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The Global Burden of Trachoma
6 Nov 2009
Citation: Burton MJ, Mabey DCW (2009). The Global Burden of Trachoma: A Review. PLoS Negl Trop Dis 3(10): e460.
2009 Burton, Mabey
The biggest infectious cause of blindness, trachoma, is the subject of a review article in PLoS Neglected Tropical Diseases. The authors – Matthew Burton and David Mabey from the London School of Hygiene & Tropical Medicine – describe the condition and discuss the various estimates that have been made as to the prevalence of the disease worldwide and of its impact.
The article includes a map showing the countries where trachoma is endemic. Predominantly these are in Africa, the Middle East and Asia. There is a lack of reliable data from most of these countries but WHO now estimates that 1.3 million people in 56 nations are currently living with blindness due to the disease.
A further 1.8 million have low vision as a result of trachoma, and trichiasis (the ingrowing of eyelashes that is caused by trachoma and will eventually lead to blindness) afflicts a further 8.2 million. The latest WHO estimate of the disease burden in terms of disability-adjusted life years (DALYs) is 1.3 million. The authors caution, however, that this may be an underestimate as some of the health effects of trachoma have not been allowed for in the calculations.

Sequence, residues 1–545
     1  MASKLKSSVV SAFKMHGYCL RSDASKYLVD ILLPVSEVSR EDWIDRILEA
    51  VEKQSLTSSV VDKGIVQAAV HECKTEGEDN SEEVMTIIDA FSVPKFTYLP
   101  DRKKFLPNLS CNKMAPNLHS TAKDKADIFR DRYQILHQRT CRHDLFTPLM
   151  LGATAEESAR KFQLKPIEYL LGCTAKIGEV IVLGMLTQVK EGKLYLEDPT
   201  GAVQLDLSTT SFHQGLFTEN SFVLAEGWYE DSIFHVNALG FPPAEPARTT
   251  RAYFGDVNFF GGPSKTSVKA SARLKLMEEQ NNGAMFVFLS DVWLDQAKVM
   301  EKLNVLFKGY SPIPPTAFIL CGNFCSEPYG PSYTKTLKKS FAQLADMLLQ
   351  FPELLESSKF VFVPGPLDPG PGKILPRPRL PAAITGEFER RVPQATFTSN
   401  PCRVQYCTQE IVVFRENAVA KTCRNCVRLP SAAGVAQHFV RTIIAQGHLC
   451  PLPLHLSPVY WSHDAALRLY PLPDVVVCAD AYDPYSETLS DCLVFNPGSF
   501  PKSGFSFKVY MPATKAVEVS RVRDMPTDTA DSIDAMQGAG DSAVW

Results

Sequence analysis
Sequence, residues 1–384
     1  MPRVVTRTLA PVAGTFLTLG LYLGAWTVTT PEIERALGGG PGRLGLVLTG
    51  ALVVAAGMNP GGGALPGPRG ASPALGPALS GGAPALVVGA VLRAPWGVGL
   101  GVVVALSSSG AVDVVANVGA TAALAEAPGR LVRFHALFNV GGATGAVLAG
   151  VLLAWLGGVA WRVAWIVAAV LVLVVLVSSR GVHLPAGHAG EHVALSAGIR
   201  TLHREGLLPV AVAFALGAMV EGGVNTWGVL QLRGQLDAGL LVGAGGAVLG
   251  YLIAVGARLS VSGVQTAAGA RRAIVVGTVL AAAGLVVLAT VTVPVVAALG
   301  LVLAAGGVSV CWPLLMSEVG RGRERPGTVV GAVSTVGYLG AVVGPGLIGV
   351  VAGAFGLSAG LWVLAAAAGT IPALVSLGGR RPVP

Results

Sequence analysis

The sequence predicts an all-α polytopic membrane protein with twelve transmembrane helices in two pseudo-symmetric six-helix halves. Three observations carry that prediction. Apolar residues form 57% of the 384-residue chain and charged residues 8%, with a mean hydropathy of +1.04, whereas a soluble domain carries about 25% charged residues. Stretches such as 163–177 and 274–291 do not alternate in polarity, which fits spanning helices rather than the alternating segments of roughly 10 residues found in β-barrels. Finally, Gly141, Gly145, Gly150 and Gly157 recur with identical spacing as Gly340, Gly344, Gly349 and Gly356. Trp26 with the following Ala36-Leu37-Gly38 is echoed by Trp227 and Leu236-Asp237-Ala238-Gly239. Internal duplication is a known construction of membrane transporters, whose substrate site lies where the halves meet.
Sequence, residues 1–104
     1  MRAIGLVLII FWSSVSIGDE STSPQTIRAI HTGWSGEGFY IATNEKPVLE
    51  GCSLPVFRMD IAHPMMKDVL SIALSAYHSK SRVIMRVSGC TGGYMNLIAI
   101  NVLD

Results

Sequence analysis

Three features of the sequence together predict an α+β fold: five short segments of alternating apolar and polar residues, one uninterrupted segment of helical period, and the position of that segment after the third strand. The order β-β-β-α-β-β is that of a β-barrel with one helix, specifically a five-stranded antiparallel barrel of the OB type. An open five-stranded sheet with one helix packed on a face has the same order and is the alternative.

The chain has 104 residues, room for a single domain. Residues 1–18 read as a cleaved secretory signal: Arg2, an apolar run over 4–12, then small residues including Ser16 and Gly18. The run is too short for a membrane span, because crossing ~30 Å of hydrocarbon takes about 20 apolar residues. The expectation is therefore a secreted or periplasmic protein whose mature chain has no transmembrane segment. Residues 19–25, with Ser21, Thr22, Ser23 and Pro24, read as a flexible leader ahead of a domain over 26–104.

Burton and Mabey also examine the estimates made of the economic burden due to trachoma. These have ranged from $2.9 billion to $5.3 billion. In calculating the higher of these figures, it was assumed that trachoma-blinded individuals experienced a 100% loss of productivity, whereas the lower estimated assumed a 60% loss. If trichiasis is also included the economic loss is an estimated $8bn. As the article points out, there are many difficulties in making calculations of this kind. All we can be sure of is that the human and economic costs of trachoma are vast.
In contrast, the calculations of the cost-effectiveness of the four elements of the “SAFE” strategy for the prevention of trachoma are probably more reliable. (The four components of SAFE are surgery for trichiasis, antibiotics for infection, facial cleanliness, and environmental improvements to reduce transmission.) The evidence now available is discussed. While the implementation of SAFE programmes on the ground can be difficult, there is no doubt that every efforts should be made to pursue the strategy. Trachoma blindness is all the more tragic because it is so readily preventable.
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